9. Apparatus according to any of claims 1 to 8, further comprising a means for supporting said cam member.
    10. Apparatus according to claim 9, wherein said cam 30 member supporting means comprises:
    -31 said body having a top end and a bottom end, wherein said top and bottom ends lie in planes substantially perpendicular to said longitudinal axis of said cam member; a first plate releasably attached to said top end; 5 a first pin extending into a first slot in said cam member coincident with said longitudinal axis, said first pin being supported by said top plate; a second plate releasably attached to said bottom end; and, 10 a second pin extending into a second slot in said cam member coincident with said longitudinal axis, said second pin being supported by said bottom plate.
    11. Apparatus according to claim 10, wherein said first 15 and second pins are replaced by a pin and slot extending completely through said cam member coincident with said longitudinal axis, said pin being supported by said top and bottom plates.
    20 12. Apparatus according to claim 9, wherein said cam member supporting means comprises: said body having a top end and a bottom end, wherein said top and bottom ends lie in planes substantially perpendicular to said longitudinal axis of said cam member; 25 a first plate releasably attached to said top end; a first protrusion extending from said cam member into a first slot in said top plate coincident with said longitudinal axis; a second plate releasably attached to said bottom end; 30 and,
    -32 a second protrusion extending from said cam member into a second slot in said bottom plate coincident with said longitudinal axis.
    5 13. Apparatus according to any of claims 1 to 12, further comprising a means for supporting said insert.
    14. Apparatus according to claim 13, wherein said insert supporting means includes: 10 said body having a top end and a bottom end, wherein said top and bottom ends lie in planes substantially perpendicular to said longitudinal axis of said cam member; a first plate releasably attached to said top end; a first pin extending into a first elongate slot in 15 said insert, said first pin being supported by said top plate; a second plate releasably attached to said bottom end; and, a second pin extending into a second elongate slot in 20 said insert, said second pin being supported by said bottom plate. 15. Apparatus according to claim 14, wherein said first and second pins are replaced by a pin and elongate slot 25 extending completely through said insert, said pin being supported by said top and bottom plates.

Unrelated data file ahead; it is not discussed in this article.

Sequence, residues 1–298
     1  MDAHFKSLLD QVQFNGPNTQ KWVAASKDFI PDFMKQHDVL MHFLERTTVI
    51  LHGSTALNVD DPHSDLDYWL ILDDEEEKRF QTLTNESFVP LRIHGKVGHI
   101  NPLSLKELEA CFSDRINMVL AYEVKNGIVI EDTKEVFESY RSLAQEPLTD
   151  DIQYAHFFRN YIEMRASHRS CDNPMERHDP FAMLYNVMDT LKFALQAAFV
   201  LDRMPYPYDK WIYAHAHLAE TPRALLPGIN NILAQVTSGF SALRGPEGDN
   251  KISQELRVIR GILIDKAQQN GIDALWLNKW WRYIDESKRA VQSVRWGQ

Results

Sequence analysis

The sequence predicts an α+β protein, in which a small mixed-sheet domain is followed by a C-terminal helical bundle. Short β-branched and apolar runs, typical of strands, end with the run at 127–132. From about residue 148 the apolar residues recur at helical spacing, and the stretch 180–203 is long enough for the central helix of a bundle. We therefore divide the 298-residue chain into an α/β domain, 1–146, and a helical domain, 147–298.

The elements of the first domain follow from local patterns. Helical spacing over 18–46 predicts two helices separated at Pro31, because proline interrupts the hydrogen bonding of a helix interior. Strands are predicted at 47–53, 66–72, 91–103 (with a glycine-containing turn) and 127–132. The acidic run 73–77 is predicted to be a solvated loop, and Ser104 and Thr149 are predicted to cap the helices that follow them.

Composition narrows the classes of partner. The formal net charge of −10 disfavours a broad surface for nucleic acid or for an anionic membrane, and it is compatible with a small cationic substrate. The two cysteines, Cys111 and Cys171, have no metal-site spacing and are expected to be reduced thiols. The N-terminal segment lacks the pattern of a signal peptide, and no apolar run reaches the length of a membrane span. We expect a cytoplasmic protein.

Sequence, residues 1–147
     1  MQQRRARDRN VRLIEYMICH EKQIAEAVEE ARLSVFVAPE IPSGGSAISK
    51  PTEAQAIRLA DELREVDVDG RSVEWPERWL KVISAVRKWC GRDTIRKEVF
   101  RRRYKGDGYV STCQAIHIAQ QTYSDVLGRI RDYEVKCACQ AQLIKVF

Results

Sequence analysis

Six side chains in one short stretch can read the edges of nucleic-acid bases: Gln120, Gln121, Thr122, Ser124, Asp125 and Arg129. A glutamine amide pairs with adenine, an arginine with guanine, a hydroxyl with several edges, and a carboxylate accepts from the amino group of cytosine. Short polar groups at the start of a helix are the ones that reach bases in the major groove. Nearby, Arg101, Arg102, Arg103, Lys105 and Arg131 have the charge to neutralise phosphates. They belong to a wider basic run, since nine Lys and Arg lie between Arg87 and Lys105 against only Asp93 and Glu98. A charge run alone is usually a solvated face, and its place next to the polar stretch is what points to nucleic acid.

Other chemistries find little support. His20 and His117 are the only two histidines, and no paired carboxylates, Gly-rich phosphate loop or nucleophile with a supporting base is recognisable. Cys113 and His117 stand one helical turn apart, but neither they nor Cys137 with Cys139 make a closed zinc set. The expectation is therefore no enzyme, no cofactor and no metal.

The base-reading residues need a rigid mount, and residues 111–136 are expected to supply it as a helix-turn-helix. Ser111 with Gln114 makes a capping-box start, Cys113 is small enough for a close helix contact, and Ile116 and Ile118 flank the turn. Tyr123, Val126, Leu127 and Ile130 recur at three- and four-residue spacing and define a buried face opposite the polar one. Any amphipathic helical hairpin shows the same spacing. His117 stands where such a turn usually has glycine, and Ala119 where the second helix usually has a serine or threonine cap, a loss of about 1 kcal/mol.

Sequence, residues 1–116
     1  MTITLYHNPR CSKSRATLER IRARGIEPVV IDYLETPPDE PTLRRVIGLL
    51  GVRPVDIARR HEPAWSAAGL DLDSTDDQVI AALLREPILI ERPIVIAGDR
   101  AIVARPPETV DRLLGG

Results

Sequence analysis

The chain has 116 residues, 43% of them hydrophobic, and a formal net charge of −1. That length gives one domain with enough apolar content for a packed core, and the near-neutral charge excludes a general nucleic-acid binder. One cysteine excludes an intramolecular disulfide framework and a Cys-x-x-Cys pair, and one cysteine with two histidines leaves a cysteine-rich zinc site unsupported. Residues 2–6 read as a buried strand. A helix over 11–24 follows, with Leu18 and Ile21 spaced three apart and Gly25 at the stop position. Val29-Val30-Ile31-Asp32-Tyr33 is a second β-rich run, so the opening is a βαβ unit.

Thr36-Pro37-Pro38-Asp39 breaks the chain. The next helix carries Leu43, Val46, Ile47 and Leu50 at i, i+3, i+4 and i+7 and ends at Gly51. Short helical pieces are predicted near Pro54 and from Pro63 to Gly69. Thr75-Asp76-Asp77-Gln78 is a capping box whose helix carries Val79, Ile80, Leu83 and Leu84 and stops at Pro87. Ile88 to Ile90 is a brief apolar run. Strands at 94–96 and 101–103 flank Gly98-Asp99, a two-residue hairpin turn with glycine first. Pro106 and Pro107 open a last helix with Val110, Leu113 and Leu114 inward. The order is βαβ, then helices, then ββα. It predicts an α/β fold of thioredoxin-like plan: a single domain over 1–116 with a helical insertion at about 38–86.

16. Apparatus according to claim 13, wherein said insert supporting means includes: 30 said body having a top end and a bottom end, wherein said top and bottom ends lie in planes substantially perpendicular to said longitudinal axis of said cam member;
    -33 a first plate releasably attached to said top end; a first protrusion extending from said insert into a first elongate slot in said top plate; a second plate releasably attached to said bottom end; 5 and, a second protrusion extending from said insert into a second elongate slot in said bottom plate.
    17. Apparatus according to claim 3 or claim 4, comprising 10 a means for supporting said insert.
    18. Apparatus according to claim 17, wherein said insert supporting means includes: at least one tracking edge disposed on said lobe 15 camming surface; and, at least one groove disposed in said C-shape groove for receiving and engaging said tracking edge.